I think you identified the pink elelphant in the middle of the room regarding Medicare. I have been baffled by all of the blathering about “privatizing” Medicare to make the problem go away. The private employer health insurance system has had similar cost increases as Medicare over the past couple of decades, so merely making something private sector instead of public sector does not automatically solve the world’s ills.

  19. I never thought I’d see the day, but it looks like the Fed is actually trying to end Too Big to Fail (going forward):

  20. jus7tme says:

    How about bond inflows from individual investors? They must be waaay up, judging from the anecdotal evidence, and how many times my brokers have pestered me to by bonds in the last 2 years.

    This can only mean one thing:

    Bonds are about to make a major dump, and the sheeple will be slaughtered, AGAIN. Those who survive will buy stocks at the top, and then get slaughtered again.

    Systemic insider frontrunning of the individual investor. Who would have thunk that?

  21. Greg0658 says:

    1st Taleb thread captured my thinking cap …

    jus7tme from a laborers & a small business pov: a laborers paycheck with extra float cash* goes where ? to help who ? the system is cash starved but labor has some strength over capital flow – since labor needs the feeling of saving for the future … straight bonds or certificates of deposit – because of the return of principle plus some interest minus losses due to inflation … as opposed to the good ole days of earning a good return plus the principle returned / providing corporations growth cash on their terms … but the days of country first are gone with globalization – most labor is anchored into a country … bottom line corporate stocks benefited corporations 1st – investors 2nd – general populace Last .. some would say as it should be / except Labor really built the corporate bottom line in the 1st*place .. Labor get a gentle fist .. stop getting sheared and/or slaughtered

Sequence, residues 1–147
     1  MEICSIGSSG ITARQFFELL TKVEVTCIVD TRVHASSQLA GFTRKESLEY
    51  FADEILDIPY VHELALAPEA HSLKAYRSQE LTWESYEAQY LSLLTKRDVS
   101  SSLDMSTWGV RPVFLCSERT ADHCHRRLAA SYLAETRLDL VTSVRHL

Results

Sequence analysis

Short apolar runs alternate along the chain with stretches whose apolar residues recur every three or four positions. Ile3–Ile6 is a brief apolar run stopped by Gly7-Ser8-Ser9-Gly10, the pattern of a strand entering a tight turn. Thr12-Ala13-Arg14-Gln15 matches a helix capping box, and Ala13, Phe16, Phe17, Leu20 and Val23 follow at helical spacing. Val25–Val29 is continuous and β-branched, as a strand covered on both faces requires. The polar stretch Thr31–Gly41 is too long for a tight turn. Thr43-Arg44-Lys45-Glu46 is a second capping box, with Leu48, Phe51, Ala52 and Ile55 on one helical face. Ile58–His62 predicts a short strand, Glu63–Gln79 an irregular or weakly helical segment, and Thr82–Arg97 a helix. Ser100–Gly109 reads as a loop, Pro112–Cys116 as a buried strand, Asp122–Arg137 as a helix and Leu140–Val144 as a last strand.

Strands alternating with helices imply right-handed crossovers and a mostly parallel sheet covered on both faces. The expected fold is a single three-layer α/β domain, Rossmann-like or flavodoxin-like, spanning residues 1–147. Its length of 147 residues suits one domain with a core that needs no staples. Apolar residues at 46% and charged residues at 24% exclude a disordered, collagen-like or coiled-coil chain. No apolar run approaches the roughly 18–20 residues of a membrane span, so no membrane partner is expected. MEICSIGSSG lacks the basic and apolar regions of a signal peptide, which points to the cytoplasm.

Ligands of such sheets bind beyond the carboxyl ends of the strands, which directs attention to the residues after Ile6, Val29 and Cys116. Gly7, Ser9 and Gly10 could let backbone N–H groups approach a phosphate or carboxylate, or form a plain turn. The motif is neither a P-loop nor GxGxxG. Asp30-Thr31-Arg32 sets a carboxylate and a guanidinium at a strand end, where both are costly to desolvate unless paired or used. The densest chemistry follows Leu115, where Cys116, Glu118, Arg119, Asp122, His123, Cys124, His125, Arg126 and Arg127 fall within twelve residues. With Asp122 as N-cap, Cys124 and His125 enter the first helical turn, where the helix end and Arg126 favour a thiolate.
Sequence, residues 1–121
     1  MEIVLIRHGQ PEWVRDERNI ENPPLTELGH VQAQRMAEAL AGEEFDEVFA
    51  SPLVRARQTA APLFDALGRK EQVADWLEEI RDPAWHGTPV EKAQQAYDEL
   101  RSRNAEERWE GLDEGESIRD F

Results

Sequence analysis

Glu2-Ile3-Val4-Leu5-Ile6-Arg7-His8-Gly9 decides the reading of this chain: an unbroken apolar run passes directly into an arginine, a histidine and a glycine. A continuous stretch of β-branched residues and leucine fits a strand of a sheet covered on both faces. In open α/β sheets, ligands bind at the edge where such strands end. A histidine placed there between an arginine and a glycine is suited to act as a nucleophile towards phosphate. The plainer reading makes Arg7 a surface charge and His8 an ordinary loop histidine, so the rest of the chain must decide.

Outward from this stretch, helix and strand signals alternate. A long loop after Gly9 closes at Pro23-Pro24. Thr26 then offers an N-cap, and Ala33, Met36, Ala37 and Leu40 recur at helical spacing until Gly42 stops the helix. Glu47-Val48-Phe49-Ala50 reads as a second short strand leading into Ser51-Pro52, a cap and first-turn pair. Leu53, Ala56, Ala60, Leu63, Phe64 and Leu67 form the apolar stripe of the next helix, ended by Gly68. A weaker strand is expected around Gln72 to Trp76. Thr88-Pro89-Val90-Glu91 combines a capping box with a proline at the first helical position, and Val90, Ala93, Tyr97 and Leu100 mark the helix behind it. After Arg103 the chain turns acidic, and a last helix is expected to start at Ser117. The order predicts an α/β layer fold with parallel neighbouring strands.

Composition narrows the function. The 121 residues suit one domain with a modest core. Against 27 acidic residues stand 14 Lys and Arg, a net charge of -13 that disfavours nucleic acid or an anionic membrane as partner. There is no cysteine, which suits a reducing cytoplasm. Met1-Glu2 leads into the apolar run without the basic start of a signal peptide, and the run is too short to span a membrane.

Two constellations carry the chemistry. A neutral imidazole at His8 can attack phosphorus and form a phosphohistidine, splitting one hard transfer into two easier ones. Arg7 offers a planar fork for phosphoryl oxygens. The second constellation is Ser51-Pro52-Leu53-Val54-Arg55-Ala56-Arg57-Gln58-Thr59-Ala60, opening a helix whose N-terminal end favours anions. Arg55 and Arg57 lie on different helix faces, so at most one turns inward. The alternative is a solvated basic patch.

22. Julia Chestnut says:

    GOD, can we please have a moratorium on the rich people bitching about their downgraded lifestyles?

    “People who don’t have money don’t understand the stress,” said Alan Dlugash, a partner at accounting firm Marks Paneth & Shron LLP in New York who specializes in financial planning for the wealthy. “Could you imagine what it’s like to say I got three kids in private school, I have to think about pulling them out? How do you do that?”

    People in this country every single day cut their kid’s pill in half to stretch their meds. People every single day forgo medical treatment, haven’t been to a dentist in years, don’t have money for school supplies for their children who attend public school!! Does this guy have any idea that public school teachers are paying for granola bars and pretzels out of their pitiful salaries to keep for kids who are too hungry to pay attention in class?